The recent scquabble between the Mayor's Office and Jerry Holland over the need to construct an $8 million Supervisor of Elections office/warehouse complex near the Ritz Theatre has overlooked the question of if such a project is even worthy for this historically significant area. For those who question its significance, here is a brief summary behind the sites still standing in Florida's first urbanized African-American community.
11. 523 West Forsyth Street - 1905
This structure was a part of the Cunningham Furniture Company complex. Established as a small bicycle shop by John A. Cunningham in 1889, the Cunningham Furniture Company eventually grew to become Florida's oldest furniture company and one of the Southeast's largest home furnishing businesses before closing for good in 1984.
12. 521 West Forsyth Street - 1906/1921
521 West Forsyth Street
This small building opened in 1906 and was briefly a real estate office and bicycle shop. In 1910, it was purchased by Charles Sumner, who utilized as a market for a dairy business passed down from his father, called the William P. Sumner Company. During the 1980's, it housed JoAnn's Chili Bordello. This restaurant was designed to look like a bordello and featured waitresses dressed in corsets and garter belts. The restaurant's motto was "seventeen varieties of chili served in an atmosphere of sin.
516 Houston Street
This narrow 4-story building was built in 1910 as an addition to 521 West Forsyth Street by Charles Sumner. Sumner, who's previous location had been destroyed by the Great Fire of 1901, constructed his new dairy operation with brick and reinforced concrete, making it fireproof. During the 1920s, it was used by Jefferson Richard Berrier as an ice cream factory for the J.R. Berrier Ice Cream Company. In 1961, Berrier's Ice Cream became the focal point of a NAACP boycott.
13. Jacksonville's Notorious red light district's last remaining bordello - 615 Houston Street - 1914
A century ago, then as Ward Street and located two blocks from Union Terminal, Houston street took the crown as Jacksonville's undisputed Red Light District. For those who don't know, a red light district is a place where there is a high concentration of prostitution and sex-oriented businesses. San Francisco had the Barbary Coast, D.C. had 14th Street, in New Orleans tricks were turned in Storyville, and in New York, it was "The Deuce." If you were willing to pay for a lady of the night in Jacksonville, you headed to LaVilla's Ward Street.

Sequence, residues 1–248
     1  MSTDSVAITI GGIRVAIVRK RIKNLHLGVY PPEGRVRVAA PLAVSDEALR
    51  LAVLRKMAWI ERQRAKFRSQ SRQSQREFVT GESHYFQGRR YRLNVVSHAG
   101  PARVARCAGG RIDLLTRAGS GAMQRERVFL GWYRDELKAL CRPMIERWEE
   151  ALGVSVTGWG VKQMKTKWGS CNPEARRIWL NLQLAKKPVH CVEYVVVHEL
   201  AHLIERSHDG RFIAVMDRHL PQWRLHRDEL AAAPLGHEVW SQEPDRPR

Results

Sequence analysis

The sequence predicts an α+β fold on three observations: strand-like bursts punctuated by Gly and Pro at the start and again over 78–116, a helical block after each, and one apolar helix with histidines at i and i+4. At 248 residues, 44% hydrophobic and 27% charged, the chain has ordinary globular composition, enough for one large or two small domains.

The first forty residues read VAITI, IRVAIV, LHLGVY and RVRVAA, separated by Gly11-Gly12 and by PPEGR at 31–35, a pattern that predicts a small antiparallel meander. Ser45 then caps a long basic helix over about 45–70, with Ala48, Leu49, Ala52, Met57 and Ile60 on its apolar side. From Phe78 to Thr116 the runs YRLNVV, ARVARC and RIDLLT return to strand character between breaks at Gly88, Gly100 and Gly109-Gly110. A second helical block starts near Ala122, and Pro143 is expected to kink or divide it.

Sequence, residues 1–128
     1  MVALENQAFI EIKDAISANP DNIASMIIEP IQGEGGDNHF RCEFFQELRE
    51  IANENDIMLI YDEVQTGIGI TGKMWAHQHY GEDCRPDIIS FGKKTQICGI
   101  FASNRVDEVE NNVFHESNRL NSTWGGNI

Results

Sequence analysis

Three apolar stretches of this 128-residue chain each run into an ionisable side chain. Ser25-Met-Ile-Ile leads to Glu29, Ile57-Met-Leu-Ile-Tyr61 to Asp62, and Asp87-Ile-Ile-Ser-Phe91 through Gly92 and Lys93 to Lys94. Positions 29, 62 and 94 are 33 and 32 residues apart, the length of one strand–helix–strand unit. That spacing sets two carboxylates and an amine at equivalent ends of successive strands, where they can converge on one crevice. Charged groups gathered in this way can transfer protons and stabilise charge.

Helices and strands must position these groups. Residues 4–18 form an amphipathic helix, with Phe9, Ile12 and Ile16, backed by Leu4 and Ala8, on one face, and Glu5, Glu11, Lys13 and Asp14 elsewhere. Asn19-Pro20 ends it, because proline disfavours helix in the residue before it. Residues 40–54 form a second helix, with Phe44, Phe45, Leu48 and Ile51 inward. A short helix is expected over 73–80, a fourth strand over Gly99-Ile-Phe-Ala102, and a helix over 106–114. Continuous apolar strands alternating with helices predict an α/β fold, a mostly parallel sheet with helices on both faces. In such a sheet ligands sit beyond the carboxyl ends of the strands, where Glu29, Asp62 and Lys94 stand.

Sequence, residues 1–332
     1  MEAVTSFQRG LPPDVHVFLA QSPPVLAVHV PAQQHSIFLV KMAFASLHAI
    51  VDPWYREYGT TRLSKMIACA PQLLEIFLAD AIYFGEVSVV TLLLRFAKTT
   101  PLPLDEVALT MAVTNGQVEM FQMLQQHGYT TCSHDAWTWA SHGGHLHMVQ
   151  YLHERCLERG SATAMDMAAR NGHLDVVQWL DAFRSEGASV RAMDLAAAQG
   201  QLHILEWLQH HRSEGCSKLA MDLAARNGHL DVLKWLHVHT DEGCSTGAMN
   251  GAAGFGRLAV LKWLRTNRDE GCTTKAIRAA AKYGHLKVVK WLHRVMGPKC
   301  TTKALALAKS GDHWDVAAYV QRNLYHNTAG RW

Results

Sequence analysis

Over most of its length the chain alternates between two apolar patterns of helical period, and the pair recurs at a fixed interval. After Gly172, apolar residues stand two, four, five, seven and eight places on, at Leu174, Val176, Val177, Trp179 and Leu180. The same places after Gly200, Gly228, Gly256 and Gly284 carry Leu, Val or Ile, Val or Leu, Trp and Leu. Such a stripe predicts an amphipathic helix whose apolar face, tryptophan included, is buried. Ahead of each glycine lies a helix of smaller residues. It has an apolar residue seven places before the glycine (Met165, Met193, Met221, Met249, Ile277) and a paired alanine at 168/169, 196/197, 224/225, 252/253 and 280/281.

When this brick building was constructed, more than 60 whore houses lined a four block stretch of Ward Street west of Broad Street. A popular strip for Jacksonville tourist and sailors, J.E.T. (Just Easy Times) Bowden used a pro-prostitution platform to win the mayor's race of 1915. Today, this is the last bordello building still standing that directly relates to Houston Street's colorful past.
14. Old Fire Station Number 4 - 618 West Adams Street - 1914
This building opened in 1914 as Fire Station Number 4. In 1944, a larger station opened two blocks north, replacing it.
15. Pilton Building - 218 North Broad Street - 1910
Constructed in 1910, the Pilton Building is one of the last remaining historic structures along Broad. Across the street from the courthouse site, it was the home of Herman Bloom Shoes during the 1930s and United Shoes in the 1950s.
16. Brewster Hospital - 843 West Monroe Street - 1885
Built in 1885, this former residence of a local meat dealer became Jacksonville's first hospital for African Americans in 1901. Matilda Cutting Brewster of Danielson, Connecticut, donated $1,000 in honor of her late husband, the Rev. George A. Brewster, to help start the hospital. Together with a training school for nurses, the facility was founded by the Women's Home Missionary Society of the Methodist Church.
The hospital outgrew this structure and relocated in 1910. In 2005, the Old Brewster Hospital building was moved to its present location from its original site at 915 West Monroe Street.
17. 825 West Monroe Street - 1908
Religious structures where an instrumental part of LaVilla, north of Ward Street. Most of the neighborhood was destroyed by the River City Renaissance plan during the 1990s, leaving this structure as one of the remaining survivors. It was built in 1908 and was the First Born Holiness Church of Christ for many years. Today, it is the Faith United Church of the Living God. While the structure appears to be brick, exluding the bell tower and front facade, it is all wood frame construction.
18. 725 West Monroe Street - 1905-1908
After the Great Fire of 1901, many stately residences were constructed along West Monroe Street. One resident at 725 West Monroe fought to keep their house from being demolished as a part of the River City Renaissance neighborhood revitalization plan. 725 West Monroe was constructed between 1905 and 1908. Solomon and Retta Shad were one of the first couples to call this Neo-Classical Revival structure home. Shand was the owner of Solomon Shad, Inc., a West Bay Street liquor company.
19. Young Men's Hebrew Association - 712 West Duval Street - 1914
Today, the Young Men's Hebrew Association Building (Maceo Elks Lodge), is the oldest building still standing in Jacksonville of significance to the Jacksonville Jewish community. Completed in 1914, it along with the B'Nai Israel Synagogue, was the epicenter of LaVilla's Jewish community. The Y.M.H.A. relocated to Springfield in 1932. In 1945, the structure was sold to the Maceo Elks Lodge, which still occupies the building today.